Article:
How To Take Great Website Photos

Brown and white dog sitting on bed wearing glasses with a camera placed in front of it

This article was written by Michelle Weger.

If you’re taking photos for your website, follow these tips to get the best ones possible.

You’ve found a great photographer, lined up a shoot date, and you’re ready to go. Or you’ve bought a ring light and the perfect backdrops to do it yourself.

Either way, a great photo is a great photo, period – right?

Not necessarily.

A great photo for framing in an album will not always be a great photo to use on your website. There are certain characteristics that make the best photos to use on your website.

And since photos make up such a big part of the overall design, getting great ones is critical.

General Website Photo Tips

  1. Landscape photos are the most versatile. Most of the photos you take should be in landscape orientation.
  2. Whenever possible, make sure that the most prominent pop of colour is close to your brand colours. For example, if someone is holding a mug in a candid team shot, make sure it is in your brand colours. Don’t wear a brightly coloured blazer in an off-brand colour. Make sure the dog in the foreground is wearing a collar in your brand colour.  Otherwise, those colours will stand out on the page, or potentially even clash with the rest of the design.
  3. Your images should be diverse. A variety of races, ages, body types, and genders is ideal. (In other words, make sure all your “models” aren’t the stereotypical thin, young, white woman). 
  4. If people are holding products, make sure they are yours! This might seem obvious, but don’t use a stand in or prototype of your product.
  5. Unless there is an explicit reason, people in photos should be smiling and happy.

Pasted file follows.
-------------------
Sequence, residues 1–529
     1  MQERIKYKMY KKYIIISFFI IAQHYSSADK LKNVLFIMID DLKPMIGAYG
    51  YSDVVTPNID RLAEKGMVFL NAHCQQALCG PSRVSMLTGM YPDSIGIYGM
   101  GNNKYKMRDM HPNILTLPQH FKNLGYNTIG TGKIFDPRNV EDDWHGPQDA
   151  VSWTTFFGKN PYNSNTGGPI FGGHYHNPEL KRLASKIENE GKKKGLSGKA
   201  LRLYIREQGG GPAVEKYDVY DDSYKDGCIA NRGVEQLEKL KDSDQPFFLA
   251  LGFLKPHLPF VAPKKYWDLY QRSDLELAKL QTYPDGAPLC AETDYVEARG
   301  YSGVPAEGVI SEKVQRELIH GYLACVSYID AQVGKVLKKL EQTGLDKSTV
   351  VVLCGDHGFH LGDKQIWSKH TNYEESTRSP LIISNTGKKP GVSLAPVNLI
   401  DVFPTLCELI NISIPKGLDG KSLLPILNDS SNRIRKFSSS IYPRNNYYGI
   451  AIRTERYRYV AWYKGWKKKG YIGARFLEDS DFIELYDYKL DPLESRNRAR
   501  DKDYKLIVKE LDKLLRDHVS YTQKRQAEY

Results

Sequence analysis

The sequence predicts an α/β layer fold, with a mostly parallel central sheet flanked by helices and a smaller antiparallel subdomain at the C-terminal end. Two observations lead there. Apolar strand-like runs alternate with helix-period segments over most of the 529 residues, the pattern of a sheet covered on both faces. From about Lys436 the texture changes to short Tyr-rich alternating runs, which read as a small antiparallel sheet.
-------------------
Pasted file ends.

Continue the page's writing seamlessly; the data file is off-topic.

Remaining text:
Hero Image Photo Tips

The first image people see – the one at the very top of your website, below the menu – is called the “hero” image. That image is the most important one of all. It is what will capture – or NOT capture – your potential customer’s attention.

The best hero images are powerful, on brand, and not too busy.

Ideally, a hero image has a clear subject that takes up about 1/3 of the photo. The rest of the photo should be simple and uncluttered (blurring the background also works well!).


Because the hero also contains very important text. This text will be overlayed on the image, so a busy image detracts from the text and makes it hard to read.

Here are some great examples, both with and without people.

Screenshot of hero image from a counselling website featuring two people talking and text describing the business

Screenshot of hero image from flooring website featuring hardwood floors and stairs with text about the business

Product Photo Tips

The highest converting product photos are taken on a simple, white background.

Screenshot of floral themed gift bundle on a transparent background

Even product photos taken on backgrounds that are on-brand (such as a rustic board, or marble slab) do not do as well as a simple, white background.

If possible, take multiple photos from different angles so potential customers can get the full experience. Take close-ups of any noteworthy design details or features that might otherwise get missed.

Photos of the product in use (by happy customers!) are another great addition. These types of photos are perfect to add to the product gallery.

All product photos should be uncluttered, in focus, and consistently sized.

Great photos are a fantastic start. But you’re also going to need killer content and a strategic design. That’s where we come in. Book a call to start putting those photos to work.

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